Billy Zeoli

From Wikipedia, the free encyclopedia
Jump to: navigation, search
Billy Zeoli
Billy Zeoli speaking from the podium at the National Religious Broadcasters Annual Congressional Breakfast, January 28, 1975. Courtesy of the Gerald R. Ford Presidential Library.
Citizenship US
Education BA, History (1955)
Alma mater Wheaton College
Philadelphia School of the Bible
L'Abri (circa 1972)
Occupation film executive producer
professional sports chaplin
internet content producer
Employer Gospel Communications International;
Gospel Films, Inc.;
Indianapolis Youth for Christ
Billy Graham Indianapolis Crusade (1959).
Known for White House Chaplain to U.S. President Gerald R. Ford
Notable work How Should We Then Live: The Rise and Decline of Western Thought and Culture (1977, film executive producer)
Television How Should We Then Live: The Rise and Decline of Western Thought and Culture (2005; television series)
Title God's Got a Better Idea
(book author)
Political party Republican
Spouse(s) Marilyn
Children 3
Parent(s) Anthony Zeoli

Billy Zeoli is an American evangelical media executive producer from Grand Rapids, Michigan who once served as a White house chaplain to U.S. President Gerald R. Ford and Betty Ford during the mid-1970s[1] and who offered advice as a spiritual counselor to President Ford[2] on the question of issuing a pardon to former U.S. President Richard Nixon, who had resigned following the Watergate scandal as a result of the June 17, 1972 break-in at the Democratic National Committee headquarters at the Watergate office complex in Washington, D.C., and the Nixon administration's attempted cover-up of its involvement.[3]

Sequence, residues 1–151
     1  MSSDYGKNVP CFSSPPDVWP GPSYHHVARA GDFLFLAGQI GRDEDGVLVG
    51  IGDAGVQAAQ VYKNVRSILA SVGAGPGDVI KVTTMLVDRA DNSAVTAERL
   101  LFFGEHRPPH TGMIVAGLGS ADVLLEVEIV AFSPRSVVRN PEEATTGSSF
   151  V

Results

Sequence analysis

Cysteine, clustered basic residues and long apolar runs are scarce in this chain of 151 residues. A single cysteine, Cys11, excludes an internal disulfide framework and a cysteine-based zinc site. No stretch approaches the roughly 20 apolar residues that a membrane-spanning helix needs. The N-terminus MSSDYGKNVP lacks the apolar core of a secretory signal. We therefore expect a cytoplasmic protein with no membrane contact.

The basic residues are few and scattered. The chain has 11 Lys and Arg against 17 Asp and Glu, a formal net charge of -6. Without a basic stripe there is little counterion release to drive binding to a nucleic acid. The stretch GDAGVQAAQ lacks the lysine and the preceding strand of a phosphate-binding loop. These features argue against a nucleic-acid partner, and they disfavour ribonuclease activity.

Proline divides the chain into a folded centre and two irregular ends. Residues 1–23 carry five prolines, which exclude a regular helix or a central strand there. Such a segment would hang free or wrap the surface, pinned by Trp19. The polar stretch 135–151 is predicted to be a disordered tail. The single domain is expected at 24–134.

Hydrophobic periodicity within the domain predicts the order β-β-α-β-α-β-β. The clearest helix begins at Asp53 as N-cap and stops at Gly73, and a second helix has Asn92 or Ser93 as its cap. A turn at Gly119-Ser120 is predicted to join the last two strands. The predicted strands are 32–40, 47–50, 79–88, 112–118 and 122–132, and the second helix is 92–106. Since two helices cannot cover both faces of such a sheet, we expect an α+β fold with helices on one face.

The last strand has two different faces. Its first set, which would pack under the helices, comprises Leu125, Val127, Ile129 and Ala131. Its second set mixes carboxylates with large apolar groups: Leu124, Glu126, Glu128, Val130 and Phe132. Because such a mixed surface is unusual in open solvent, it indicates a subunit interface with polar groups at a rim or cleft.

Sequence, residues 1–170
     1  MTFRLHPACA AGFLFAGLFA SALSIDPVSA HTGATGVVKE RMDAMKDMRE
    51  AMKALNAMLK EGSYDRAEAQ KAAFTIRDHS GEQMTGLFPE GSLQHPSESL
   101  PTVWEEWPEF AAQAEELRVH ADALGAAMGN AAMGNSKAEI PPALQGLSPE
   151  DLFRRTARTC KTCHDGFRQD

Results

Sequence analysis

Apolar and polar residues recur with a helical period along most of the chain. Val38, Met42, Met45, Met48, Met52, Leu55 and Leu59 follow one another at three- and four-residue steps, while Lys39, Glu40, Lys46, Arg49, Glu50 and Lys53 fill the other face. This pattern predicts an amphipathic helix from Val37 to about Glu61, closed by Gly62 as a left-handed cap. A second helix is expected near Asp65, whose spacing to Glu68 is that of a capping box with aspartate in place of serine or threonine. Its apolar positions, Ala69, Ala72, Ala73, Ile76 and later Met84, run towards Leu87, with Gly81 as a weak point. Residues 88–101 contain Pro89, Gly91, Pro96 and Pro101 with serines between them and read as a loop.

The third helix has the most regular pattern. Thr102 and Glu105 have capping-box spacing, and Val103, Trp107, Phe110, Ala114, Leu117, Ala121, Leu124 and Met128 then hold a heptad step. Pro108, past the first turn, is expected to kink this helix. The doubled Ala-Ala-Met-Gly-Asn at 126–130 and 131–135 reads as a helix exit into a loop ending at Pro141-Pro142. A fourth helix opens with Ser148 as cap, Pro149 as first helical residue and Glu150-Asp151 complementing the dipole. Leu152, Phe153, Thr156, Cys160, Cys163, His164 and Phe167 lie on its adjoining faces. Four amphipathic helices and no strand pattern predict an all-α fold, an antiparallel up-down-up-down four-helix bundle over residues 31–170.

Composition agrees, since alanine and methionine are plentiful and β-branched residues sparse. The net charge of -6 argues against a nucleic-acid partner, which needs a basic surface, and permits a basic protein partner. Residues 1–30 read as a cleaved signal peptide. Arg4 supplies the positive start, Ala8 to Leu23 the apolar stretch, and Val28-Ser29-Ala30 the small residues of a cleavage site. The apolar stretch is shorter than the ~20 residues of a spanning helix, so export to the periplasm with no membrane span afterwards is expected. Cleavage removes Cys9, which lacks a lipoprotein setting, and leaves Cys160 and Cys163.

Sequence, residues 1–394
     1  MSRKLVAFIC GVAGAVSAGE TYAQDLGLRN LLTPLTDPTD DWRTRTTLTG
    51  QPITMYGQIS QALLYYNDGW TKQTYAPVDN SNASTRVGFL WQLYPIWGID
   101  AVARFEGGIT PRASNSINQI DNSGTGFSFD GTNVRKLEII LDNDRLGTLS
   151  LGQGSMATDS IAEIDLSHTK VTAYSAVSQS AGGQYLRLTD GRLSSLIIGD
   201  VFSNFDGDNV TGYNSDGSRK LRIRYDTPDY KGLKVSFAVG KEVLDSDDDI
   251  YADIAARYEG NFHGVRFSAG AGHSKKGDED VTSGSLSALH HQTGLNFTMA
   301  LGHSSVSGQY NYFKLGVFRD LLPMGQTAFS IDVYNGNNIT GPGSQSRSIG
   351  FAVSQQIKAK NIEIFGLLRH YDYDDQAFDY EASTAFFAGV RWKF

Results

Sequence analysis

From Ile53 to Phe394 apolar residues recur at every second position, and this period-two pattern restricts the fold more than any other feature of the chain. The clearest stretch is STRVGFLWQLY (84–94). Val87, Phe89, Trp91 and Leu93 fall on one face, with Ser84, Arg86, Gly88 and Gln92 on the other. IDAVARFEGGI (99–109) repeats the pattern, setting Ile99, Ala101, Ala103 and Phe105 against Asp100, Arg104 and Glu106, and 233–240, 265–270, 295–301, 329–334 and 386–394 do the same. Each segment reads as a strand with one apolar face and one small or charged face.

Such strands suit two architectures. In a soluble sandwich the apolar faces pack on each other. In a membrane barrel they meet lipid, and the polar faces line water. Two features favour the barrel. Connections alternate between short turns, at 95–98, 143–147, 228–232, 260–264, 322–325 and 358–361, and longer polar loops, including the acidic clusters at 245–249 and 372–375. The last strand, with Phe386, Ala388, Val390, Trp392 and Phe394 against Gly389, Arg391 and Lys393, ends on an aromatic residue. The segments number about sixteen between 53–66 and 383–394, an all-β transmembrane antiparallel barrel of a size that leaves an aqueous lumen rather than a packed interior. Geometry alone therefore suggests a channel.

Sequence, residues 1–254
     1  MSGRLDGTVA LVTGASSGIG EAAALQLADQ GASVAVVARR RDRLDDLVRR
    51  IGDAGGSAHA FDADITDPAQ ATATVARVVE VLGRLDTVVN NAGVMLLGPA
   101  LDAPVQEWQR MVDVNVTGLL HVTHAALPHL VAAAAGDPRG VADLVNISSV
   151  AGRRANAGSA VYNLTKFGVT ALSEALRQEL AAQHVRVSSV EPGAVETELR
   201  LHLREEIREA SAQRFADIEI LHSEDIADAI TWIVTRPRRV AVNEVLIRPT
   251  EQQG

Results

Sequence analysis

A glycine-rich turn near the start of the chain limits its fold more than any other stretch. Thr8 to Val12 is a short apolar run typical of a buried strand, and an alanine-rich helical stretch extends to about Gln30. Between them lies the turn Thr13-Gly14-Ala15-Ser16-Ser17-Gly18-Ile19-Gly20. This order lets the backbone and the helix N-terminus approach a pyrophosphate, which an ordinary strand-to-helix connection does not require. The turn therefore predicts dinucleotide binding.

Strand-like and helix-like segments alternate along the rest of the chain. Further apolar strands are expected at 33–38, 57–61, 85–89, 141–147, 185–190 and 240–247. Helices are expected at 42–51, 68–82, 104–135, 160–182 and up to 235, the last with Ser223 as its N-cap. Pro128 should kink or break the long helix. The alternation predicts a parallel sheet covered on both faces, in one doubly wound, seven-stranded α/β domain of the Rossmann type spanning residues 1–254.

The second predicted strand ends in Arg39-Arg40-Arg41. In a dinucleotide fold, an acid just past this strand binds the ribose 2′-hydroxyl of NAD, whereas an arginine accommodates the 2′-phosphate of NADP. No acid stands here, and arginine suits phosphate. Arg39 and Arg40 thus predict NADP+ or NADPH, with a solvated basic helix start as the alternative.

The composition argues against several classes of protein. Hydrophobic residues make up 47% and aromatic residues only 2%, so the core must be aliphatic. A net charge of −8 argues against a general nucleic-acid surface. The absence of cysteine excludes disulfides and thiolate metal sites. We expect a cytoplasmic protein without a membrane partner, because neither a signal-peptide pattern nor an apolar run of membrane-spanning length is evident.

Zeoli previously led the then U.S. Rep. Gerald R. Ford to become a Christian during a prayer breakfast being held in Washington, D.C. for the Washington Redskins professional football team.[4]

Zeoli received recognition as a minister to several American major league professional sport teams and athletes.

Zeloi was also instrumental in bringing together the American missionary theologian Francis Schaeffer of the L'Abri in Huémoz-sur-Ollon, Switzerland and his son, Frank Schaeffer with wealthy American evangelicals (such as Amway co-founder and multi-billionaire Richard DeVos) for the financial backing of the How Should We Then Live: The Rise and Decline of Western Thought and Culture 1977 documentary film series.

The American distribution of the How Should We Then Live: The Rise and Decline of Western Thought and Culture book, the U.S. distribution of the film of the same title by Zeoli's Gospel Films, Inc., and subsequent film tour in the United States by the Schaeffers was responsible for bringing many evangelical Protestants into the then largely Roman Catholic public protest movement against the United States Supreme Court Roe v. Wade decision, 410 U.S. 113 (1973) supporting legal abortion in the United States.

Zeoli was also the former Co-Chair (along with Amway President Doug DeVos) of Gospel Communications International. Gospel Communications International developed the web site and also trained and hosted hundreds of evangelical ministries on the World Wide Web beginning in 1995. Gospel Communications International both sold the web site and ceased operations on December 15, 2008.


  1. ^ Billy Zeoli – Linked-in.
  2. ^ Gibbs, Nancy. "The Other Born-Again President?". Time. Time Inc. Retrieved March 9, 2014. 
  3. ^ Billy Zeoli.
  4. ^ "Richard Devos". The Gerald R. Ford Foundation.